Ocean bureau awards lease for Dominion’s offshore Virginia wind project

Virgina Gov. Terry McAuliffe announced March 24 that Virginia is the first state in the nation to receive a wind energy research lease in federal waters from the U.S. Bureau of Ocean Energy Management (BOEM). 

McAuliffe said: “Developing our clean energy resources is an essential element of building a new Virginia economy. With this research lease, Virginia is positioned to be the first state to build wind turbines in the Atlantic Ocean and take the next step toward the clean energy economy we need to create jobs and lower energy costs now and into the future.” 

“Virginia is well-positioned to become the east coast hub of future offshore wind energy development and the supply chain that supports it,” said Virginia Secretary of Commerce and Trade Maurice Jones. “This research lease provides a tremendous opportunity to develop a level of expertise about offshore wind development previously unseen in the U.S. BOEM has been a tremendous partner with the Commonwealth on this project, and we look forward to continuing that relationship in the future.” 

“The data collected under this research lease will help us understand the wind potential, weather and other conditions relevant to standing up wind power generation offshore Virginia,” said BOEM Director Abigail Ross Hopper. “This data will be valuable not only to BOEM and DMME, but also to other government agencies, the offshore renewable energy industry, universities, environmental organizations and others.” 

The Commonwealth applied for the research lease in 2013 and has named Dominion Virginia Power as the designated lease operator. Execution of the 30-year lease is an important step in the project to allow Dominion to construct and operate the Virginia Offshore Wind Technology Advancement Project (VOWTAP), which will consist of two Alstom 6-MW turbines to be located approximately 24 nautical miles east of Virginia Beach. The intent of VOWTAP is to demonstrate successful installation and generation of power 24 nautical miles offshore, validate the estimated wind resource potential in the lease area, identify inefficiencies and gaps in offshore wind development, and utilize a previously untested regulatory process established by BOEM. 

The research lease area is adjacent to Dominion’s commercial Wind Energy Area. Data gathered from the two test turbines will support Dominion’s future commercial-scale wind power development by reducing costs, maximizing turbine availability and service life, and minimizing environmental impacts. This research will benefit wind energy developers across the globe.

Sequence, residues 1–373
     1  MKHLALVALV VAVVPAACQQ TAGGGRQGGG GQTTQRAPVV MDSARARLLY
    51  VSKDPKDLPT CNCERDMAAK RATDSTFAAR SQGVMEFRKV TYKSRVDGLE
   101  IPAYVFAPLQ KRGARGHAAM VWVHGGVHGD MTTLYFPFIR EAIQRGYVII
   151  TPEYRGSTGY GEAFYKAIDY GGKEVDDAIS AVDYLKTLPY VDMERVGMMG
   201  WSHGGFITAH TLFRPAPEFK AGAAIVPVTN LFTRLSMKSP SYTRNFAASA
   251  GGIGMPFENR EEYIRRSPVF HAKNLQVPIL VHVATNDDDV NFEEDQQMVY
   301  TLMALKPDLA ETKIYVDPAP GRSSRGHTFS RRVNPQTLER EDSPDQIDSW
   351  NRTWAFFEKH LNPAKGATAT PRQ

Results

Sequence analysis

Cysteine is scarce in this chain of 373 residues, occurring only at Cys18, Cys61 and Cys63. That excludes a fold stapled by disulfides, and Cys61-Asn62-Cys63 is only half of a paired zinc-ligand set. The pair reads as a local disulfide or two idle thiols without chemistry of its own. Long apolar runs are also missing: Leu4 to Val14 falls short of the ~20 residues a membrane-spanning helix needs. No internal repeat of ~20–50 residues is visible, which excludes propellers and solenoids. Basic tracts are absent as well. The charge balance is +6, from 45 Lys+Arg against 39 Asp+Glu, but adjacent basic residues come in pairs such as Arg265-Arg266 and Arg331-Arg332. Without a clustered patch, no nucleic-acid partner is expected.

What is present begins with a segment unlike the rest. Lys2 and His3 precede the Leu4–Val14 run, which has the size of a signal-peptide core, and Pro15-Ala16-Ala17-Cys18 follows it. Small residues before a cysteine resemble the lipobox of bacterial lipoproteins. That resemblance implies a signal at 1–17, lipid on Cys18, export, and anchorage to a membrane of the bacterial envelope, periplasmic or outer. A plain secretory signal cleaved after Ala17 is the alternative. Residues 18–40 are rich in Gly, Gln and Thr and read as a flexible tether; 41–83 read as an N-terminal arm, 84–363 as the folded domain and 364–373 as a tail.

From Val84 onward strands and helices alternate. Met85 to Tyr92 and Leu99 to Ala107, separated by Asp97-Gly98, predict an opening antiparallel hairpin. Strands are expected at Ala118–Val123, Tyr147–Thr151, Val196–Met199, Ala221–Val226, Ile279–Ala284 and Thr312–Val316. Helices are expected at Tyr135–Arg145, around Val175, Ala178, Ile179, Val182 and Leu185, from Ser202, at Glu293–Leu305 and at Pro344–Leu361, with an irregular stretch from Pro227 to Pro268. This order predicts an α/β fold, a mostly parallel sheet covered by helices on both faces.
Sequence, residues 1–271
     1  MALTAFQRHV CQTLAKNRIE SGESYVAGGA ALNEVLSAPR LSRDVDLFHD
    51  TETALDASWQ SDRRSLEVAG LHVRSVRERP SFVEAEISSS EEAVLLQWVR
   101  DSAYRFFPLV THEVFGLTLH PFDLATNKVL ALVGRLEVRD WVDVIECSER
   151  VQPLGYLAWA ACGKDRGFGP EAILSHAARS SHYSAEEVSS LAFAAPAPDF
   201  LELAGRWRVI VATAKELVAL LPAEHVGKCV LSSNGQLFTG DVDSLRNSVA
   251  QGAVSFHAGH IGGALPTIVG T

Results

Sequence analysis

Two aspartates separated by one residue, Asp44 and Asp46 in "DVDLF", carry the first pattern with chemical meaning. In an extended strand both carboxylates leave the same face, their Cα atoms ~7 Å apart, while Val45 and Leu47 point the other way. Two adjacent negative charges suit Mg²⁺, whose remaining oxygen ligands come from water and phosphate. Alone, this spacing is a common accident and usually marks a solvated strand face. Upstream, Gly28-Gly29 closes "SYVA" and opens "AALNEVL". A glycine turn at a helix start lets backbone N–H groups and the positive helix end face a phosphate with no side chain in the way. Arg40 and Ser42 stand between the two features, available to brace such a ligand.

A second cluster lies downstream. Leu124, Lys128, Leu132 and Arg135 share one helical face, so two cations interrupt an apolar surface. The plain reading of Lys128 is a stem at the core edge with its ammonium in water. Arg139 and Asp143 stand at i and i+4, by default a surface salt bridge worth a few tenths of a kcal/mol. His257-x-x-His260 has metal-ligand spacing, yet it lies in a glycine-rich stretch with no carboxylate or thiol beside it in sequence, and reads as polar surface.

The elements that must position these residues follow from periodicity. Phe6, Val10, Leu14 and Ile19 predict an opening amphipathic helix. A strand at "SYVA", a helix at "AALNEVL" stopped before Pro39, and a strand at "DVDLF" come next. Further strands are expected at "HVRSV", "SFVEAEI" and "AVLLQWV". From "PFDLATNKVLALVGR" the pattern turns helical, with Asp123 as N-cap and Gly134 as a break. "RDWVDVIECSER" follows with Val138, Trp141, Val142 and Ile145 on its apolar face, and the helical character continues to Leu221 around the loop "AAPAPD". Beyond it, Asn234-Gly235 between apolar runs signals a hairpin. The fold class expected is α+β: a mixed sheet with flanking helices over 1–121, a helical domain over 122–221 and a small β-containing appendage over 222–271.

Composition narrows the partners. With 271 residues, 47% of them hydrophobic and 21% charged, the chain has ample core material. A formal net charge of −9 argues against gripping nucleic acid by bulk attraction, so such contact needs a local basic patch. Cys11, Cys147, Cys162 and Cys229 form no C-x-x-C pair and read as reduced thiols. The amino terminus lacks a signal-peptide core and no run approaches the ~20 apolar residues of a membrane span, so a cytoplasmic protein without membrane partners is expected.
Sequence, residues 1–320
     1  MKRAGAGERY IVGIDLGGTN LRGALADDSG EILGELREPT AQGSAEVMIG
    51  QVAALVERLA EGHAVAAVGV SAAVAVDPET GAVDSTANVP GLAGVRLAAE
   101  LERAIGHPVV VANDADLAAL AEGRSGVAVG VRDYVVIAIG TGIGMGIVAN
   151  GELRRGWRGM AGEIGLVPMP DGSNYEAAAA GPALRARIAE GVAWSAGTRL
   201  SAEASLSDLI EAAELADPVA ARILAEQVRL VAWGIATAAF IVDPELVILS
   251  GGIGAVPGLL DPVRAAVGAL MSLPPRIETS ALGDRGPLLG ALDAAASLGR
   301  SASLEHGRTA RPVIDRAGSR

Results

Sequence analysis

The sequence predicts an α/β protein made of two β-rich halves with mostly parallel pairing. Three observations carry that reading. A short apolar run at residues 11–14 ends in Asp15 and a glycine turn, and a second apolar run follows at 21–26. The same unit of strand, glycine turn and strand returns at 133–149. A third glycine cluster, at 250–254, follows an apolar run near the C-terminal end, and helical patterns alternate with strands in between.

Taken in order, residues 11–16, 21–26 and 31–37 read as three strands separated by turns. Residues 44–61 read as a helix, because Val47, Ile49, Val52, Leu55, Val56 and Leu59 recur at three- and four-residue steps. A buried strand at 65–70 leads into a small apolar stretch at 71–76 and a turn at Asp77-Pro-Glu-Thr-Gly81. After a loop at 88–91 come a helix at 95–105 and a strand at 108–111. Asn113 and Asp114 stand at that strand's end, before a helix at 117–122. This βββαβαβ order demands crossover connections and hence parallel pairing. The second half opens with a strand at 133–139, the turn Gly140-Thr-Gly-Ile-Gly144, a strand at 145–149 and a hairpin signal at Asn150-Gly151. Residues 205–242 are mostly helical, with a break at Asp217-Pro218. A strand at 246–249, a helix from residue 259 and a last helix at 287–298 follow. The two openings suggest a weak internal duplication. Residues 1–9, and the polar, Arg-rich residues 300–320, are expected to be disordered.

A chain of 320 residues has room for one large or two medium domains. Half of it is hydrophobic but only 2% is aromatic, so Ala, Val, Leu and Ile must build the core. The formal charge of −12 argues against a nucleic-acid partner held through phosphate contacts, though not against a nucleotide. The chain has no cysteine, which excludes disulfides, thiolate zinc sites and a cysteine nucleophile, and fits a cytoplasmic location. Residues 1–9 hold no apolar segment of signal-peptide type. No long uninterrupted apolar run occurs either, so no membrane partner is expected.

Future commercial wind energy development projects that will result from VOWTAP research are expected to create several thousand jobs in Virginia and add to the development of domestic clean energy resources in the United States. The wind energy research lease is with Virginia’s Department of Mines, Minerals and Energy (DMME).

In 2012 the U.S. Department of Energy (DOE) announced funding awards for seven proposed “Offshore Wind Demonstration Projects.” One of the awards was given to Dominion Resources (NYSE: D), the parent of Dominion Virginia Power. This was also one of three projects to receive a second funding award from DOE in 2014 for deployment activities.

In 2013, BOEM determined there was no competitive interest in the area where the state agency proposed to conduct these activities and proceeded with the leasing process on a non-competitive basis. That decision cleared the way for DMME to submit a Research Activities Plan for which BOEM developed an environmental assessment (EA) that was published in December 2014 for public comment. Based on the comments received and depending on the results of ongoing consultations, BOEM said it will revise the EA with a Finding of No Significant Impact or issue a notice of intent to prepare an Environmental Impact Statement.

Upon completion of BOEM’s technical and environmental reviews and other reviews required by federal law, BOEM may approve, approve with modifications or disapprove the Research Activities Plan. DMME must receive BOEM’s approval of its Research Activities Plan prior to the installation of the two turbines and associated cabling to shore.

About Barry Cassell 20414 Articles
Barry Cassell is Chief Analyst for GenerationHub covering coal and emission controls issues, projects and policy. He has covered the coal and power generation industry for more than 24 years, beginning in November 2011 at GenerationHub and prior to that as editor of SNL Energy’s Coal Report. He was formerly with Coal Outlook for 15 years as the publication’s editor and contributing writer, and prior to that he was editor of Coal & Synfuels Technology and associate editor of The Energy Report. He has a bachelor’s degree from Central Michigan University.